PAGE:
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ISOM 2017-2 (Adjusted version published January 2019) International Specification for Orienteering Maps
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ISOM 2017-2

Apr 13, 2022

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International Specification for Orienteering Maps
2
This International Specification for Orienteering Maps (ISOM 2017-2) has been compiled and edited by the IOF Map Commission (January 2019).
Changes of the ISOM were approved by the Council ESB in November 2018.
This work is licensed under a Creative Commons Attribution-NoDerivatives 4.0 International Public License. For additional license information https://creativecommons.org/licenses/by-nd/4.0/ For the full license text https://creativecommons.org/licenses/by-nd/4.0/legalcode.txt
ISBN: 978-91-639-3394-3
Errata (changes to the document):
Date Nr Symbol Description
20.01.2020 415 Distinct cultivation boundary Correction of line width: 0.14 --> 0.10 mm
20.01.2020 214 Bare rock Correction of colour: grey or black 25% --> black 30%
20.01.2020 521 Building Correction of colour: black 65% --> black 60%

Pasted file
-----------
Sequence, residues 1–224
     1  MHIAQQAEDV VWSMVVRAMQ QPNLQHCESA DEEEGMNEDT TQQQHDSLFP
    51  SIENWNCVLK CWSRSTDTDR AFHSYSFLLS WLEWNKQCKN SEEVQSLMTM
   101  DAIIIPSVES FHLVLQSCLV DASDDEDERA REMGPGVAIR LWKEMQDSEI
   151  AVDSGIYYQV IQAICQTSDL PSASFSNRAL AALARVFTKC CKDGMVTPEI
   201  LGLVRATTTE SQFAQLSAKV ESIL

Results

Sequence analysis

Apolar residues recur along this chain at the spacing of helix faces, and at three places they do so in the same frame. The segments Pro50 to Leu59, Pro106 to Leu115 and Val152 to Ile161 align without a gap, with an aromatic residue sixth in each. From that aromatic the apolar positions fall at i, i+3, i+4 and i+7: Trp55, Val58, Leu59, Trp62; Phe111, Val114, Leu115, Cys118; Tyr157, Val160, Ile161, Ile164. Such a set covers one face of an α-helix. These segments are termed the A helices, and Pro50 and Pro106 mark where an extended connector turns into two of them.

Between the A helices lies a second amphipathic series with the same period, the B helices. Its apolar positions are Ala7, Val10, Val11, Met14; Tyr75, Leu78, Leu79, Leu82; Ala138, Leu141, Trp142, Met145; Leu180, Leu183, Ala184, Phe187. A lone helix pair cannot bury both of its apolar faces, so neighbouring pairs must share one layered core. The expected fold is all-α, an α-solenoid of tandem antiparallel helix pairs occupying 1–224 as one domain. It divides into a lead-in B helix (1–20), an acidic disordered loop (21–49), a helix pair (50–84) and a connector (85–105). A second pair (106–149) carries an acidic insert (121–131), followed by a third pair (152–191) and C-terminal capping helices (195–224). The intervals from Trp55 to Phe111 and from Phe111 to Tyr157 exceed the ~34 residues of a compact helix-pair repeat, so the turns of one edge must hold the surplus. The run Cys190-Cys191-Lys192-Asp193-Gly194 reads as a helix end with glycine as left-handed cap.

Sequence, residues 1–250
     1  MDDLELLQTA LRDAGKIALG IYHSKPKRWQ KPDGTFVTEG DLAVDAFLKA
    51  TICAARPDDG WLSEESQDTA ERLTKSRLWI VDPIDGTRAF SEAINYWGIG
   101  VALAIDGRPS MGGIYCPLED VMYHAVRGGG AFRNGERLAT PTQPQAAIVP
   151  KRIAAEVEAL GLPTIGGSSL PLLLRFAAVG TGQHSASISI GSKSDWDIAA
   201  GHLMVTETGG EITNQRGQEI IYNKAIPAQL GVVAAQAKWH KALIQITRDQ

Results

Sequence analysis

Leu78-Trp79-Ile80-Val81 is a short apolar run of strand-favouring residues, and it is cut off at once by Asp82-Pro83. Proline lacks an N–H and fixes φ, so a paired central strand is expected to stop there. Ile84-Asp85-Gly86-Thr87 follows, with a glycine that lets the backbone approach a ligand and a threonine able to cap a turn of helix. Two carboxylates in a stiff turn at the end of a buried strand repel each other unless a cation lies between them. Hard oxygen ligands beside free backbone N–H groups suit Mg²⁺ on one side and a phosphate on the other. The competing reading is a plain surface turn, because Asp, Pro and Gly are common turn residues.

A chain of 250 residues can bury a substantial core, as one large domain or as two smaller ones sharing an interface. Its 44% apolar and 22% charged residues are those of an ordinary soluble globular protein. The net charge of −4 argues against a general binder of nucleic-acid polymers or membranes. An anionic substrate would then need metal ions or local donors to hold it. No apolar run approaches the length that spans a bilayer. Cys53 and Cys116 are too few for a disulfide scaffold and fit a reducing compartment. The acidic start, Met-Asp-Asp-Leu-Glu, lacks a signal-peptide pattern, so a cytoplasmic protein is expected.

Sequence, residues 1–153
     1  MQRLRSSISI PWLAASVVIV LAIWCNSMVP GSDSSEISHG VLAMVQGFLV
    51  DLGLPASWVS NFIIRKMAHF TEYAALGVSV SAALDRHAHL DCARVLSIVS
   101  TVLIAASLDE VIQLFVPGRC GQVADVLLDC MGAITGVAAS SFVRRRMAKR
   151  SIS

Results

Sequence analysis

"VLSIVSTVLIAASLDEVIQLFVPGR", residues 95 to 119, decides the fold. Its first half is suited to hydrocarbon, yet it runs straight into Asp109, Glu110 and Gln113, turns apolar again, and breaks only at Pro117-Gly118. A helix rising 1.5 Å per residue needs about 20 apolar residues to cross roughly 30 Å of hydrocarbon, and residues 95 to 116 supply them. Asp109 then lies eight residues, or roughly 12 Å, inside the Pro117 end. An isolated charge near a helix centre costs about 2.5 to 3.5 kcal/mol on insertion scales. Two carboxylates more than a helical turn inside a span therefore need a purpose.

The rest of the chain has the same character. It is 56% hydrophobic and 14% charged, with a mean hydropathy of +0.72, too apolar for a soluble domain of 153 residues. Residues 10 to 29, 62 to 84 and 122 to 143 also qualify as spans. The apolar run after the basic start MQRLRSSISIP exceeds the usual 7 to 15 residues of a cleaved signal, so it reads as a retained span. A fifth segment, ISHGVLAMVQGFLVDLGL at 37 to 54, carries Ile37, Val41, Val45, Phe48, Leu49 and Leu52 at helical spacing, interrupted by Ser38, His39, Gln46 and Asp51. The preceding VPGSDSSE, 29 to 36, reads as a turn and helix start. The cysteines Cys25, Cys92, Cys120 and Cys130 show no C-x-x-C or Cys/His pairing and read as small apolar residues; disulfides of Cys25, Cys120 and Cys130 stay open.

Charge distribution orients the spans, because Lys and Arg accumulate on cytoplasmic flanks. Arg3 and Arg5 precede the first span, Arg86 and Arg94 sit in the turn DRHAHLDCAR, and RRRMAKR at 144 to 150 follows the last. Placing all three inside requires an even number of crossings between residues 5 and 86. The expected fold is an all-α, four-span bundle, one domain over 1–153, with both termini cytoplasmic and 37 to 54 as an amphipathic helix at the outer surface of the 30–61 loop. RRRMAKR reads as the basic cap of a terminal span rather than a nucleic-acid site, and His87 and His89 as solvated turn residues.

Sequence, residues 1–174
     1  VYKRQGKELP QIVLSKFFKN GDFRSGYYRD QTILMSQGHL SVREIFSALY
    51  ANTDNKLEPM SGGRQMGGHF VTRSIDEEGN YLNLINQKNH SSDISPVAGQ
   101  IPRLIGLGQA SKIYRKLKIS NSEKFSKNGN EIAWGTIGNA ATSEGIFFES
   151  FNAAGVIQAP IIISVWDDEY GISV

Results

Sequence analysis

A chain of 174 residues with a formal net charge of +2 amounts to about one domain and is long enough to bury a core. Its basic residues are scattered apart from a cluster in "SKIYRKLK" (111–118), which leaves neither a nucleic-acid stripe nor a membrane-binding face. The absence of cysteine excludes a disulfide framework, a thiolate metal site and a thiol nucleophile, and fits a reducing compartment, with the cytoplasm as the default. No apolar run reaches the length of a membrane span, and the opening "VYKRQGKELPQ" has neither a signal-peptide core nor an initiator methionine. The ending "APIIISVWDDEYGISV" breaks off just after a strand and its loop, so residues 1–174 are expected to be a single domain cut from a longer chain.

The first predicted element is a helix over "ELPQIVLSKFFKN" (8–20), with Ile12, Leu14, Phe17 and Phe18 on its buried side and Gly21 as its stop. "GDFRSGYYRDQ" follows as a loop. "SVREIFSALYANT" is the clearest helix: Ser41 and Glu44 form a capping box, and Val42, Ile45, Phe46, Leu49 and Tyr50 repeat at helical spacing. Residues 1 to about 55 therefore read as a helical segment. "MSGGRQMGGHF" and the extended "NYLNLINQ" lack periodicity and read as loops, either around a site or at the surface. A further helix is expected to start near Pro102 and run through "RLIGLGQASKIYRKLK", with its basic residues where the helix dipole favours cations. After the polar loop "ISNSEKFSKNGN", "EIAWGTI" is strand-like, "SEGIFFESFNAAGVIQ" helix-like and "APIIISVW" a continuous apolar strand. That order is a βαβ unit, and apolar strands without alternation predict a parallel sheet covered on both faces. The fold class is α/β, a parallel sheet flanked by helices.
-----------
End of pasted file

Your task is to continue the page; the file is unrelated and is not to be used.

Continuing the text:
20.01.2020 701 -713
Course planning symbols Precise definition of colour: upper and lower purple
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IOF INTERNATIONAL SPECIFICATION FOR ORIENTEERING MAPS 1 INTRODUCTION
It is the aim of the International Specification for Orienteering Maps (ISOM) to provide a map specification which can accommodate the many different types of terrain around the world that are suitable for orienteering. These specifications should be read in conjunction with the rules for International Orienteering Federation (IOF) orienteering events. For IOF events, deviations from the map specifications are permissible only with the sanction of the IOF. Other orienteering disciplines (mountain bike orienteering, trail orienteering and ski orienteering) and formats (sprint) may have separate map specifications, but the ISOM is the basis for the other specifications.